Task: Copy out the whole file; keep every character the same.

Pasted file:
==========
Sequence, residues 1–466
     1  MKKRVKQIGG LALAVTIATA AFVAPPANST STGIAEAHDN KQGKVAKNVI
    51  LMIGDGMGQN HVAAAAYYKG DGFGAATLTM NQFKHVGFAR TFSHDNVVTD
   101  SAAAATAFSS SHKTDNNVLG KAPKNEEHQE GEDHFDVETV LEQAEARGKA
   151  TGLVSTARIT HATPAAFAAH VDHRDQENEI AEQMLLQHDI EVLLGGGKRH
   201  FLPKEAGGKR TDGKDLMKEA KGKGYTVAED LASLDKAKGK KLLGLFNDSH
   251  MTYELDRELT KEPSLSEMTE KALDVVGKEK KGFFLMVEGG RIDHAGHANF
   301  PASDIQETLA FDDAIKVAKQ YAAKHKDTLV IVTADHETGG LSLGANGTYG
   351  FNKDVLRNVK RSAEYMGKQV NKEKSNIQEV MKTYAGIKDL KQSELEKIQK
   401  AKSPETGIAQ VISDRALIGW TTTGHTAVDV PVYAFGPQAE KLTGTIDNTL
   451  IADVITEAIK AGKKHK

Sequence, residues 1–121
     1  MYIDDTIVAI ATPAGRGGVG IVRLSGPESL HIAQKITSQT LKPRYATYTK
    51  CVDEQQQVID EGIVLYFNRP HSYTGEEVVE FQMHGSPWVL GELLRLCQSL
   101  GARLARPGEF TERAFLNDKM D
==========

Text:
Sequence, residues 1–466
     1  MKKRVKQIGG LALAVTIATA AFVAPPANST STGIAEAHDN KQGKVAKNVI
    51  LMIGDGMGQN HVAAAAYYKG DGFGAATLTM NQFKHVGFAR TFSHDNVVTD
   101  SAAAATAFSS SHKTDNNVLG KAPKNEEHQE GEDHFDVETV LEQAEARGKA
   151  TGLVSTARIT HATPAAFAAH VDHRDQENEI AEQMLLQHDI EVLLGGGKRH
   201  FLPKEAGGKR TDGKDLMKEA KGKGYTVAED LASLDKAKGK KLLGLFNDSH
   251  MTYELDRELT KEPSLSEMTE KALDVVGKEK KGFFLMVEGG RIDHAGHANF
   301  PASDIQETLA FDDAIKVAKQ YAAKHKDTLV IVTADHETGG LSLGANGTYG
   351  FNKDVLRNVK RSAEYMGKQV NKEKSNIQEV MKTYAGIKDL KQSELEKIQK
   401  AKSPETGIAQ VISDRALIGW TTTGHTAVDV PVYAFGPQAE KLTGTIDNTL
   451  IADVITEAIK AGKKHK

Sequence, residues 1–121
     1  MYIDDTIVAI ATPAGRGGVG IVRLSGPESL HIAQKITSQT LKPRYATYTK
    51  CVDEQQQVID EGIVLYFNRP HSYTGEEVVE FQMHGSPWVL GELLRLCQSL
   101  GARLARPGEF TERAFLNDKM D